A Former Co-Worker Remembers Mr. Rogers

By J.E. Ballantyne Jr. 
So, who was the real Mr. Rogers? That is a paraphrase of a question I’ve been asked very often over the years from people who knew that I worked with Fred Rogers many years ago.

 I’ve been getting it more frequently with the Nov. 22 release of the film about the late Rogers, “A Beautiful Day in the Neighborhood,” starring Tom Hanks. 

While a crew member at WQED-TV in Pittsburgh, I worked on about 30 “Mister Rogers’ Neighborhood” episodes in Studio A.

I was not a regular member of the Rogers’ crew. I filled in for a crew member named Michael Douglas when he was off or assigned to another show. Everyone today knows Michael Douglas but under a different name: Michael Keaton, the actor.

When working on the show, I ran neighborhood characters Trolley and Picture-Picture from my controls deep underneath The Neighborhood of Make Believe. 

My only vision of what was happening above me was a little black-and-white TV monitor that gave me the “line” view of what was actually being shot for the show. 

From my dark and secluded spot, not far from King Friday’s castle, I got to watch Rogers work the magic that has made him not only a television icon but an American icon as well.

Rogers truly had a gift from God; not only did he have the ability to communicate with very young children but also the ability to elevate them and make them feel good about themselves and others. 

Matthew Rhys, who portrays the journalist in the film about Rogers, says in one scene, “I just don’t know if he is for real.” Well, let me assure you, Fred Rogers was for real. What you saw on “Mister Rogers’ Neighborhood” was the real, genuine Fred Rogers.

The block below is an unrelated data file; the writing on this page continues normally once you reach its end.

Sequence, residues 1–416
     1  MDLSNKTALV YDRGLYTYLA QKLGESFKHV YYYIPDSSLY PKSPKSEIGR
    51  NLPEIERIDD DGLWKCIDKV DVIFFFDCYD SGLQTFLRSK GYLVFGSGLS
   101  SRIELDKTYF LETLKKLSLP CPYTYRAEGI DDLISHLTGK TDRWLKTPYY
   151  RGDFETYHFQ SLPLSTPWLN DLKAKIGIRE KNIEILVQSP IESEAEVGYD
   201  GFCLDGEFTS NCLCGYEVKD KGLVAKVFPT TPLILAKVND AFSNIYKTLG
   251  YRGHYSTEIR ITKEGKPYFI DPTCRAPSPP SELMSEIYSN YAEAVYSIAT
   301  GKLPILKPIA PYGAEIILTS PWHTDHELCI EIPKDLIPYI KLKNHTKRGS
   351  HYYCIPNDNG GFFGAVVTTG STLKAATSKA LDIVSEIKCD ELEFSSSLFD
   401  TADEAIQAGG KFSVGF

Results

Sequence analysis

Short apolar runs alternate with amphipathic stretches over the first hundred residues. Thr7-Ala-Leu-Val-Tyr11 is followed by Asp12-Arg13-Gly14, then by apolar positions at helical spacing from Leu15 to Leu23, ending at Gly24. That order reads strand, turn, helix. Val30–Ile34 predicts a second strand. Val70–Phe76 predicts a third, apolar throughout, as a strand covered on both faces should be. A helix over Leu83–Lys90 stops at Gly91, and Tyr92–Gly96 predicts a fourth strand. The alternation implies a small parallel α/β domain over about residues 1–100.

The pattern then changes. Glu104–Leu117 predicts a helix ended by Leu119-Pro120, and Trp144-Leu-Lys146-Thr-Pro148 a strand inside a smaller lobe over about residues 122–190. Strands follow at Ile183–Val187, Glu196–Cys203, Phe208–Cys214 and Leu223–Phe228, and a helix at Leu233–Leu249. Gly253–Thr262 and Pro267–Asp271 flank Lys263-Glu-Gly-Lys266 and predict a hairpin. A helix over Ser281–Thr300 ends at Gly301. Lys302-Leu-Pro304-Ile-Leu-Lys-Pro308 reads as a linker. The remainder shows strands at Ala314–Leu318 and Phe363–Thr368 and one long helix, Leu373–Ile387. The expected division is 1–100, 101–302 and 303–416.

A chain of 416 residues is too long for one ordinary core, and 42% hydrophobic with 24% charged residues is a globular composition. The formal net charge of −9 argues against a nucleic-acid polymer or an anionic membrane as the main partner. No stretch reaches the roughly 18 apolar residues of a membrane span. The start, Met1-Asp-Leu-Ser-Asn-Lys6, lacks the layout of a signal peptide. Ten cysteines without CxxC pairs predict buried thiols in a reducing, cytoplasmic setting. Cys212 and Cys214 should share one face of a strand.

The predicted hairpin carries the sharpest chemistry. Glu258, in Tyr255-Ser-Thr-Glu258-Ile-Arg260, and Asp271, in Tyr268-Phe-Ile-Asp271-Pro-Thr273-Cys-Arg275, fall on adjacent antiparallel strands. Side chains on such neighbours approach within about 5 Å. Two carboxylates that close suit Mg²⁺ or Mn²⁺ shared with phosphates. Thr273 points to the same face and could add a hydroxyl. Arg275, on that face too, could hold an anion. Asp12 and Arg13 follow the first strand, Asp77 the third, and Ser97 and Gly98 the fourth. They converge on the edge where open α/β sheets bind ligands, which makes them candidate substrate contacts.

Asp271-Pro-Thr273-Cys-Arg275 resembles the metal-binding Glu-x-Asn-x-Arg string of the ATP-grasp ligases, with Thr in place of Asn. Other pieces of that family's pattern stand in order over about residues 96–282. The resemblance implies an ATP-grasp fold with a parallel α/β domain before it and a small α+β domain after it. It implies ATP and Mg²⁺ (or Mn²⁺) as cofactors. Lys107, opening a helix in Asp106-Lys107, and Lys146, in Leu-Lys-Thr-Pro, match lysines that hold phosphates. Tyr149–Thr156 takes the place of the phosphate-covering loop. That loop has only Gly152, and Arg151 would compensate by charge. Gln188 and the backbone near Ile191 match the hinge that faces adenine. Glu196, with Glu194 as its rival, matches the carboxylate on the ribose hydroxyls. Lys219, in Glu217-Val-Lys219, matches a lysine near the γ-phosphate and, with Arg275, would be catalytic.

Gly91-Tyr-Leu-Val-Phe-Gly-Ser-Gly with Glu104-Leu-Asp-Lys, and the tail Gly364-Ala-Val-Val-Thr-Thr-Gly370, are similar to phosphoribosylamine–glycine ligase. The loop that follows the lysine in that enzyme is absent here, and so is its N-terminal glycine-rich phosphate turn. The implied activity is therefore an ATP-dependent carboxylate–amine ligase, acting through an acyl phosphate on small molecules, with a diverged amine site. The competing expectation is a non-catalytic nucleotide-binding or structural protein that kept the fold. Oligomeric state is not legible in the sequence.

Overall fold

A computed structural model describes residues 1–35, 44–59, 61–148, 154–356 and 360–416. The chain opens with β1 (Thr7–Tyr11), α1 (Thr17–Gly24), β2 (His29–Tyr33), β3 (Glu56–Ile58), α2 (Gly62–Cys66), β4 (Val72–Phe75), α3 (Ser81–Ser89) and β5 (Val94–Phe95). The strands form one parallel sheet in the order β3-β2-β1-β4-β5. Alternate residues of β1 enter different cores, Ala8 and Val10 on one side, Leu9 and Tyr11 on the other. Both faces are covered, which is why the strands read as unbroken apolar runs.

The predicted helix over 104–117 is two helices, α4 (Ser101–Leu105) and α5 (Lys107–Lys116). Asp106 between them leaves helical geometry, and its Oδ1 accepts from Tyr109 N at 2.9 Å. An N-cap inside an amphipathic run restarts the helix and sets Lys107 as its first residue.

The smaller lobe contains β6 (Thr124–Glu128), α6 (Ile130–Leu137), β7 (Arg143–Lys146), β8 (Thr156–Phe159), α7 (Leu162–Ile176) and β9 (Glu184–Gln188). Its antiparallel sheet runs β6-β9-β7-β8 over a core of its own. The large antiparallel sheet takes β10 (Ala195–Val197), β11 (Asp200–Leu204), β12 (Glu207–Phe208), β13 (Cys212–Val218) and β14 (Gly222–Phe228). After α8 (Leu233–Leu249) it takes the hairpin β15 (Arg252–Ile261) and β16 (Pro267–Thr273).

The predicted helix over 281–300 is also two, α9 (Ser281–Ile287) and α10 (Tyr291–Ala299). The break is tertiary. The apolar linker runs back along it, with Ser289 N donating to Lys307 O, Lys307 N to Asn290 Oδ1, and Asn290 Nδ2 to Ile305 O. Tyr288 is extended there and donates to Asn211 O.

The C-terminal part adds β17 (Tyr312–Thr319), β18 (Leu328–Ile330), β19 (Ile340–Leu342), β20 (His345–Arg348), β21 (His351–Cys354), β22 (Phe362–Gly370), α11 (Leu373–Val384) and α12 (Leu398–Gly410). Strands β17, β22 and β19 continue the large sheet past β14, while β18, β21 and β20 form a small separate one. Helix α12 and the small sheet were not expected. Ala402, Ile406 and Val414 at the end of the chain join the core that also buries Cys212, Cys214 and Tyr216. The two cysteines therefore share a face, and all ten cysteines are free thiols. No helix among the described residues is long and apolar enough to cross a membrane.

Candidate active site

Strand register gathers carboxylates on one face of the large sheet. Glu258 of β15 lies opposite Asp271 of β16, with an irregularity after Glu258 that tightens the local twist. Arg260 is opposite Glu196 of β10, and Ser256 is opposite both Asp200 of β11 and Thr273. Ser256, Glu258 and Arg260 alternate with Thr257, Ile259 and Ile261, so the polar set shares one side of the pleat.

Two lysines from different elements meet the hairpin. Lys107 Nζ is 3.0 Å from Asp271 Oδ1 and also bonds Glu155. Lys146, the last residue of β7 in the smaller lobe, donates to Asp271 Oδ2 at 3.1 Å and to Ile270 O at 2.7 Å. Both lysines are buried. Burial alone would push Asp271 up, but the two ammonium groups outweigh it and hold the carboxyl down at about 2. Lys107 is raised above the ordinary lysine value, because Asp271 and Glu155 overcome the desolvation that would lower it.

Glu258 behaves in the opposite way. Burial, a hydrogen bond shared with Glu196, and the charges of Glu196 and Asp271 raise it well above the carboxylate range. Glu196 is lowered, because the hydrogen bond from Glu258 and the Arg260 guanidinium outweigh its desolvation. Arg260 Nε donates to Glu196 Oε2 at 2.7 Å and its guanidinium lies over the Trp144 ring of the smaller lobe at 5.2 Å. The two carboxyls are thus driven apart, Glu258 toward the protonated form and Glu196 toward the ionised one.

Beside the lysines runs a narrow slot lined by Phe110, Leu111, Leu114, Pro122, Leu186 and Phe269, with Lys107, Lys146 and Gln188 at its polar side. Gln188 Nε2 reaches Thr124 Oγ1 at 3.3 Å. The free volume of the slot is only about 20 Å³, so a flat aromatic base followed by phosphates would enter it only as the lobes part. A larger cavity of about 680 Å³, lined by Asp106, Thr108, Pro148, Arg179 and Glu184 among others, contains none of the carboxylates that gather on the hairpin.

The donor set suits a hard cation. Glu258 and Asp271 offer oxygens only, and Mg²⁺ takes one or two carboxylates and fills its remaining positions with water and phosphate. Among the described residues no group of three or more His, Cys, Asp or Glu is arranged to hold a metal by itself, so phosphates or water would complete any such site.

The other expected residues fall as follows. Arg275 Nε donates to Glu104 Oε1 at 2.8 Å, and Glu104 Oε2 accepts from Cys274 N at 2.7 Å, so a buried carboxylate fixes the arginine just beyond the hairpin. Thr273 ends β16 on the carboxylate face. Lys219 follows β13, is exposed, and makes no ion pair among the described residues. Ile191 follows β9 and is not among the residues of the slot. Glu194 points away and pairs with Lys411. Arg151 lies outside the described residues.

He did not portray a character. He did not present a false facade. You saw a truly wonderful and unusual human being. A kinder, gentler, more compassionate person I have yet to meet.

Now, he didn’t talk to adults like they were 5-year-olds but the same gentle, warm, loving personality was conveyed to all who crossed paths with Rogers. 

When you saw him in the lunchroom at the station or in the hallway, you could be having the worst day of your life but it all vanished when you stopped to talk to Fred. He had the ability to make your troubles or problems feel very inconsequential. 

A group of us had started a theater company while I was in Pittsburgh. We felt that we needed an advisory board to help us out.

I approached Rogers about serving on that board and he was thrilled that I had asked for his help. We talked often about shows to present, operating policy and so forth. He was always a huge help with valuable advice.

That was one of the great things about Rogers; he was never too busy to talk to you about anything. 

Rogers had a great sense of humor. Numerous times during a taping he would stop in the middle of a line or scene and just tell us all a joke that came to mind.

Working on his show was truly a treat. I was blessed to have that opportunity. It was an entirely different world in Studio A than in the rest of the station and that was due to Fred. 

I frequently witnessed elementary school students on tours of the station and if they were lucky enough to see Rogers in the hallway, it was like they had seen God. The faces on those kids were absolutely indescribable. He made their entire year. I could imagine their unbridled excitement when they got home that day and told their parents about whom they met. 

“Mister Rogers’ Neighborhood” was a children’s show but you didn’t need to be a child to learn something from it. What Rogers communicated should resonate with everyone, no matter their age. These were lessons for living communicated so a child could understand them but presented for all to ponder. 

Fred Rogers was a unique individual who was put on this Earth for a specific purpose. I have never met anyone like him since, and I doubt that anyone else has either.  

EDITOR’S NOTE: Business Journal theater critic J.E. Ballantyne Jr. worked with the late Fred Rogers on his landmark television show a few decades ago. As the docu-drama about Rogers, “A Beautiful Day in the Neighborhood,” opens in theaters, Ballantyne remembers the real Mr. Rogers. Rogers died in 2003.

Pictured: Actor Tom Hanks portrays Fred Rogers in “A Beautiful Day in the Neighborhood.” The film, shot in Pittsburgh and in the WQED studio, has earned good reviews. 

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